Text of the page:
ADM is one step closer to being completely out of the chocolate and cocoa business.

Cargill has announced that it has completed a deal with ADM to buy its global chocolate business.

Valued at $440 million, the acquisition has been in the works for nearly a year, with Cargill announcing its plans to acquire ADM back in September 2014. At that time, Cargill had expected the deal to close in the first half of 2015.

ADM also is currently working on deal to sell its cocoa business to Olam Int’l Ltd. The company announced back in December 2014 that it was working to finalize an agreement to sell its global cocoa business to Olam for $1.3 billion, subject to customary adjustments.

The deal between Cargill and ADM includes ADM’s three North American chocolate plants, located in Milwaukee, Wis.; Hazleton, Pa.; and Georgetown, Ontario; as well as two in Europe: Liverpool, U.K.; and Manage, Belgium. Cargill’s product portfolio will also add ADM’s Ambrosia, Merckens, and Schokinag brands.

However, Cargill has agreed to divest ADM's industrial chocolate production facility in Mannheim, Germany as part of a plan to comply with the European Commission’s conditional clearance.

The Mannheim facility will be kept as a separate entity with its own interim management until transferred to a prospective buyer. Chocolate production and service to customers will continue to operate normally.

About 670 colleagues will transfer from ADM to Cargill as part of the deal, ADM says.

“I would like to thank the chocolate team for their dedication, and we,of course, wish them the best,” says Juan Luciano, ADM ceo.

Cargill says the move underlines its commitment to meeting customer needs and represents a milestone for its chocolate growth strategy.

"Along with our access to the global cocoa supply chain and an enhanced technology base, we will be able to improve the delivery of new applications to our customers,” says Jos de Loor, president of Cargill's cocoa and chocolate business EMEA and Asia. “We are seriously committed to helping our customers grow and are excited to begin our new journey."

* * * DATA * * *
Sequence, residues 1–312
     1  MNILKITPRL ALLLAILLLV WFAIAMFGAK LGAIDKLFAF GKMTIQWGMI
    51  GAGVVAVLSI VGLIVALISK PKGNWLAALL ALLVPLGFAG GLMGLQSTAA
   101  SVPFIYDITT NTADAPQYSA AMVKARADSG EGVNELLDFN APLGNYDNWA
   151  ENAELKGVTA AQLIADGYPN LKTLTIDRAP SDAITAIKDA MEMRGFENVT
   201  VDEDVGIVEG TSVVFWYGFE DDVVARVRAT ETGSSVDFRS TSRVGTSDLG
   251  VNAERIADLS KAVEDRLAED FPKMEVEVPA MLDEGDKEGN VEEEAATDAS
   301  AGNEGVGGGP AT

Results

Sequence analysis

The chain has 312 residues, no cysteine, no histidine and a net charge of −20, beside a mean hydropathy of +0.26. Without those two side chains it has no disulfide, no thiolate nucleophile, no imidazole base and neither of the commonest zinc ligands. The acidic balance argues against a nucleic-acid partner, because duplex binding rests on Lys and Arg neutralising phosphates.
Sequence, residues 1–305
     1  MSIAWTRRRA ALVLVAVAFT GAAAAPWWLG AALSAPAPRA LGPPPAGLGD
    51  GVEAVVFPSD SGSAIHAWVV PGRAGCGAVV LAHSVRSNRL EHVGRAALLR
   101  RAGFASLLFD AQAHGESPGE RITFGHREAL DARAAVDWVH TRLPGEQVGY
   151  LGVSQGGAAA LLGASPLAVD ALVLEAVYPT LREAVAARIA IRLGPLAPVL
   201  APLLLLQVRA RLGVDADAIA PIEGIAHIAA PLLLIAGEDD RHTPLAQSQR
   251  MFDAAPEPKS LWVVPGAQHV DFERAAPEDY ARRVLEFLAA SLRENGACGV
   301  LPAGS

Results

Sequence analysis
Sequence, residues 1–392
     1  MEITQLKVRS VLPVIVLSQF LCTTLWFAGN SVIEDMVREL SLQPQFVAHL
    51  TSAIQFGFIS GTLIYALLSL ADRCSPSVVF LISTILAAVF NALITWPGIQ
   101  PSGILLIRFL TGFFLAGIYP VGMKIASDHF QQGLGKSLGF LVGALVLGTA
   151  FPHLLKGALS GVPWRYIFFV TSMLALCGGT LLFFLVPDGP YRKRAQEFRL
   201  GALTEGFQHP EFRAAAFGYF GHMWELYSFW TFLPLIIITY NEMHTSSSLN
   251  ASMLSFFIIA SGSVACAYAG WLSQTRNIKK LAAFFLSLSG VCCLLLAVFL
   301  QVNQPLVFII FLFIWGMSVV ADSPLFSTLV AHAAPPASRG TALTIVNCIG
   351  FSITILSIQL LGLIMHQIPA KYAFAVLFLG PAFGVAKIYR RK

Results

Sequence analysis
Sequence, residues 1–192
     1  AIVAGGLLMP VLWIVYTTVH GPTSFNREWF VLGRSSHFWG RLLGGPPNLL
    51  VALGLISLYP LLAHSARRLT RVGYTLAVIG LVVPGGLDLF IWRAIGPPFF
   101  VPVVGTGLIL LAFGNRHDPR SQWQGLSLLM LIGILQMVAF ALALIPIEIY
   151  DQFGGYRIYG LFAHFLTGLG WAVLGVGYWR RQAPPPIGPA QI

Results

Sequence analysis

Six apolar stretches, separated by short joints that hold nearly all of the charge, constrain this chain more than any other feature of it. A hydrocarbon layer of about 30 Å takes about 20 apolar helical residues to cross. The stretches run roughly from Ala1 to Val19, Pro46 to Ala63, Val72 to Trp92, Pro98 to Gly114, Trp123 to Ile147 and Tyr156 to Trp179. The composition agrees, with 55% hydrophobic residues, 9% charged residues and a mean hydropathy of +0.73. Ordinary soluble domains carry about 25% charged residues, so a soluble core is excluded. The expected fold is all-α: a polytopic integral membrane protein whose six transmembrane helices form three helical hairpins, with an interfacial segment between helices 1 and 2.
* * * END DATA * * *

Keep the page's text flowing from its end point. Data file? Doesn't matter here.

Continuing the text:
As for ADM, Luciano says the move is just one of the ways the company is continuing to look for ways to create shareholder value, just like the proposed sale of its cocoa business.

“We are continuing to create shareholder value, whether through profitable growth — such as the recent expansion of our port network and the addition to our corn footprint in Europe — or by divesting businesses for which we don’t see a long-term path toward achieving acceptable returns,” he explains. “I am proud of the team that identified and delivered on this sale and others like it — including the proposed sale of our cocoa business — which are helping to ensure that we continue to drive results for our shareholders and our company.”

Cargill's cocoa and chocolate business now operates globally with 27 sites in 11 countries with more than 3,000 employees and serves customer needs worldwide with a distinctive range of innovative and high quality cocoa and chocolate products, tailor-made for confectionery, bakery, dairy, and other applications.

And the outlook is a positive one.

"Bringing together the talents and expertise of our two organizations will enable us to have a broader market reach and an even better product and service capability," comments Bryan Wurscher, president Cargill Cocoa and Chocolate North America. "By understanding and responding to customers' needs we will be able to offer them distinctive value, which in turn will help create growth opportunities for our customers and for our business, as we increase the scale and focus of our operations."